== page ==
MYSTERY OF TERRIFYING PACIFIC DISEASE MAY HAVE BEEN CRACKED

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By Michael Field

AUCKLAND, New Zealand (March 27, 2002 – Agence France-Presse)---Eating flying foxes which had consumed palm seeds may be the reason why a small group of Pacific Island people were devastated by a terrifying mental illness, research published in the American Academy of Neurology journal, Neurology, says.

And the disease may have declined because fruit bats on Guam died out and the imported Samoan flying foxes do not eat palm seeds.

One of those who apparently solved the mystery is the celebrated New York neurologist Oliver Sacks whose best-known book, "Awakenings," was turned into a movie in which he was played by Robin Williams. It told of how he used the drug L-DOPA to bring post-encephalitic patients out of deep comas.

Indigenous Chamorro people of Guam have at times been devastated by lytico-bodig, an extremely rare mental disease which leaves people seemingly conscious and awake, but completely vacant.

There is no cure. It has also been recorded in a part of Japan and Papua New Guinea and today is known as "amyotrophic lateral sclerosis/parkinsonism-dementia" (ALS-PDS).

Sacks and Dr. Paul Cox of Hawai‘i's National Tropical Botanical Garden write in Neurology that the high incidence of ALS-PDC had been an enigma.

Confined to the Chamorro it climaxed in the 1940s when it was the main cause of adult death and today it only occurs in older adults and rarely in any individual born after 1960.

There was no genetic link to the disease, or infectious origin.

Researchers suspected the seeds of the cycad palm tree but Chamorro knew they were toxic and only ate the seeds in a flour form, which washed out the toxins.

"We suggest that the Chamorro ... ingested large quantities of cycad toxins indirectly by eating flying foxes," Sacks and Cox write.

They were eaten during ceremonial occasions and their consumption was a core part of Chamorro custom, particularly in the villages of Umatac and Inarajan -- both of which have had the highest incidences of the disease.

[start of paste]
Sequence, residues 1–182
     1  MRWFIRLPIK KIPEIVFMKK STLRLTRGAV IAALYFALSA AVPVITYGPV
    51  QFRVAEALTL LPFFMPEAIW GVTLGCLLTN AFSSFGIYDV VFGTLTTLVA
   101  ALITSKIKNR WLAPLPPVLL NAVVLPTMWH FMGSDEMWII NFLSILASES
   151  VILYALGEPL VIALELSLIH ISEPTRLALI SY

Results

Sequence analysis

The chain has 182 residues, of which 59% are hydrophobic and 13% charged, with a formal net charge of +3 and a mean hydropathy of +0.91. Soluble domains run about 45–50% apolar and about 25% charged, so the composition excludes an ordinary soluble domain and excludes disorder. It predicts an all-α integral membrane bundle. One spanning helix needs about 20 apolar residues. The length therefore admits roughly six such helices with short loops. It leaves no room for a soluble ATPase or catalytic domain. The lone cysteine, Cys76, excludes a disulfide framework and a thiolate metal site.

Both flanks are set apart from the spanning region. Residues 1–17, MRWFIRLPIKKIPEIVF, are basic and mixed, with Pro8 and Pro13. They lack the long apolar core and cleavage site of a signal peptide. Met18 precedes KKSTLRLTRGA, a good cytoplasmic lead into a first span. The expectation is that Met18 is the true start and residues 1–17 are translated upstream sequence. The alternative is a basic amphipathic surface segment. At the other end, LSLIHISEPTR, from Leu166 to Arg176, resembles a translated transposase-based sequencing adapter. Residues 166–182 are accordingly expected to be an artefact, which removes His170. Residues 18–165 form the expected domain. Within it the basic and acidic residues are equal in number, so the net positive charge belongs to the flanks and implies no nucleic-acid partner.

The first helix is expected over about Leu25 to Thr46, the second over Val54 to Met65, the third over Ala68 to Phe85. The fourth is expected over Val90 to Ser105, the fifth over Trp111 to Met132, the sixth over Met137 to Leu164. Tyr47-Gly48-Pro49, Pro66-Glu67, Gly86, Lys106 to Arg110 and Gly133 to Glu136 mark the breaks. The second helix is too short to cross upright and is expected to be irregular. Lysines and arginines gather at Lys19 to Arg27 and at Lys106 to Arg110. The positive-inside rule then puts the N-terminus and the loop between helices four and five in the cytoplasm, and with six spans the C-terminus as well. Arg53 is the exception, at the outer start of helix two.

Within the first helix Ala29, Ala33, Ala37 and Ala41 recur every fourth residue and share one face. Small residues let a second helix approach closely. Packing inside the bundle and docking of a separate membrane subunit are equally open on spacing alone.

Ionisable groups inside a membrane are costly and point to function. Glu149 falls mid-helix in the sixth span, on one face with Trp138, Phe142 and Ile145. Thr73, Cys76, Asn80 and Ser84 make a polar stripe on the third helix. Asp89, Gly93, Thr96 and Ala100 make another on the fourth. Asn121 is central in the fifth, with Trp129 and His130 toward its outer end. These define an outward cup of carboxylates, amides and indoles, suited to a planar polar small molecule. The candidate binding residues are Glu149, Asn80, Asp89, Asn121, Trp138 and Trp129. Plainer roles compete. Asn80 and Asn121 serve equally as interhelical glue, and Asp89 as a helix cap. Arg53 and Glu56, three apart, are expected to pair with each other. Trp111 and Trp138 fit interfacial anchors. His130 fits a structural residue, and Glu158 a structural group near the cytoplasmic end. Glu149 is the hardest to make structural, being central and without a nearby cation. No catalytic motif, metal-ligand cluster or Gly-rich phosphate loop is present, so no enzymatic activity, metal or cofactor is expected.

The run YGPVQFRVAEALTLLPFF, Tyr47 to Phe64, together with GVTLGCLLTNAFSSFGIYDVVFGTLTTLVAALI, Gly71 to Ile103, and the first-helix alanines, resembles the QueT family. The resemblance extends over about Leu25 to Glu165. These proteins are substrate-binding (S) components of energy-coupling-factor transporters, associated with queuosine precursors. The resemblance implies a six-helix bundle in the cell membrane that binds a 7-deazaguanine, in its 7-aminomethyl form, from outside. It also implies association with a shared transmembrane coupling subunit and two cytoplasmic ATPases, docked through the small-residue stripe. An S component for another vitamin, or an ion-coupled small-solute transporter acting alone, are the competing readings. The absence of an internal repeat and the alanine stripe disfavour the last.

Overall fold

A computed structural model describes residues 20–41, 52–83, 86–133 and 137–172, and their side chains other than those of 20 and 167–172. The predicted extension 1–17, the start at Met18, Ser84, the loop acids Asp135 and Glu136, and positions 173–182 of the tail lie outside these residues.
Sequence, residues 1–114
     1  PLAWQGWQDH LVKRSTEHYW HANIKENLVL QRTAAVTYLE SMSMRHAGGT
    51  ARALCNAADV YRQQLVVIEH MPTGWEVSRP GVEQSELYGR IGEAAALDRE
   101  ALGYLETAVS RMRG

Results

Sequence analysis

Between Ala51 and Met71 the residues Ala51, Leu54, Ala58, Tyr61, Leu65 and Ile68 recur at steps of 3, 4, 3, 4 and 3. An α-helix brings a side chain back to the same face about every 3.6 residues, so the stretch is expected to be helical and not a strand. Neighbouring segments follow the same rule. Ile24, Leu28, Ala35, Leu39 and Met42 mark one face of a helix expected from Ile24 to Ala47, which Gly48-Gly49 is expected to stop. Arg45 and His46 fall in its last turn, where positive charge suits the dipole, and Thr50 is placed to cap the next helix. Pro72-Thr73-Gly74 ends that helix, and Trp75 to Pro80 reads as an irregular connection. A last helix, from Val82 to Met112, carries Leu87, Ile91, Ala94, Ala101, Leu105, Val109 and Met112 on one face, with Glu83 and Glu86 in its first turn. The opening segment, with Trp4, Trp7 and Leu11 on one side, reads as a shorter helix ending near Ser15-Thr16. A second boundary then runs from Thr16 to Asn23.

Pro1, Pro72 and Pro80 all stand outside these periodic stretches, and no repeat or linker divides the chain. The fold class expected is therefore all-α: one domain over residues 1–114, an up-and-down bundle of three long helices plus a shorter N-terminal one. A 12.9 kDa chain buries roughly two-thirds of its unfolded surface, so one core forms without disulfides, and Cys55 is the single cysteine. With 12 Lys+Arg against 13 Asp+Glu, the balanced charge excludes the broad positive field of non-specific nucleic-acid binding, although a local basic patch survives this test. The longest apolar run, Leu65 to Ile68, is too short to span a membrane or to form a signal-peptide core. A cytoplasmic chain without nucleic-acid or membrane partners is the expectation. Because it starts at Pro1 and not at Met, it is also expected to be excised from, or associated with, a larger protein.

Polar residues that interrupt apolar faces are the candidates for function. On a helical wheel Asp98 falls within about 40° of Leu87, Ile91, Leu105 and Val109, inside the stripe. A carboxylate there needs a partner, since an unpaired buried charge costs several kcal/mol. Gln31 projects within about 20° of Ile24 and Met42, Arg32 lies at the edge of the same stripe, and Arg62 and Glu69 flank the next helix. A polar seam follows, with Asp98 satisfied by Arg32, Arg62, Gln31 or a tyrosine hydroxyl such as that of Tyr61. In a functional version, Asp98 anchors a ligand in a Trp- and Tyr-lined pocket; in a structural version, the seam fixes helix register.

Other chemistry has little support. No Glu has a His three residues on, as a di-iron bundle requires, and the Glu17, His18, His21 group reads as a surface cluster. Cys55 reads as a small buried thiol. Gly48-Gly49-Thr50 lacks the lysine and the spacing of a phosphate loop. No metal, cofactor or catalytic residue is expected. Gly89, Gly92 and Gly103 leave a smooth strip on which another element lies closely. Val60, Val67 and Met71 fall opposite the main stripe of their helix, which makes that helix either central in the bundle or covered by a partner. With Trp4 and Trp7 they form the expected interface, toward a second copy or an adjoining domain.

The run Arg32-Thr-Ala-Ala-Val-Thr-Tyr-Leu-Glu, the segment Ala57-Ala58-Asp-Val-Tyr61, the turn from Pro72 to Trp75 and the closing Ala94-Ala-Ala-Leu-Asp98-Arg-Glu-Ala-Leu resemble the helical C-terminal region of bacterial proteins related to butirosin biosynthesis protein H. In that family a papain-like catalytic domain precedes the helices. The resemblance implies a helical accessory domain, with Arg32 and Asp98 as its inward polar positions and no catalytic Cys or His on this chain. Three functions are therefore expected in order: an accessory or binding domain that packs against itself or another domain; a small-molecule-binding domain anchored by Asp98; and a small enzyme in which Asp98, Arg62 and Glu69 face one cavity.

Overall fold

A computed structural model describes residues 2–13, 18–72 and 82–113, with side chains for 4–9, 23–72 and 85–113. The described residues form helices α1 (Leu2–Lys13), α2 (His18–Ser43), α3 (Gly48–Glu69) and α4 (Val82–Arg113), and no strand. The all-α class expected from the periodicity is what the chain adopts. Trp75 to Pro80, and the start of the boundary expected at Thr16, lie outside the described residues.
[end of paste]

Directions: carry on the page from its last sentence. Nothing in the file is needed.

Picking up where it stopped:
The authors found the flying foxes sometimes consume up to two and a half times their body weight per night in fruit and nectar -- and that they were particularly fond of cycad seeds.

Eating the bats became highly popular and by the late 1970s the species had been hunted to near extinction.

Sacks and Cox say massive importation of flying foxes from Samoa followed; around 18,000 flying foxes at US$ 35 a carcass.

"Because there are no indigenous cycads in Samoa and many other bat-exporting islands, flying foxes imported from such places would not contain any cycad toxins.

"Thus the Chamorro people were no longer exposed to this putative source of cycad toxins. The decline of ALS-PDC among the Chamorro mirrors the decline of flying foxes in Guam."

The Pacific Daily News in Guam reported Wednesday that Chamorro were still occasionally eating local flying foxes.

"People should not be unduly frightened if they have eaten fruit bat," University of Guam expert Ulla-Katrina Craig told the newspaper.

Michael Field New Zealand/South Pacific Correspondent Agence France-Presse E-mail: afp.nz@clear.net.nz  Phone: (64 21) 688438 Fax: (64 21) 694035 Website: http://www.afp.com/english/  Website: http://www.michaelfield.org 

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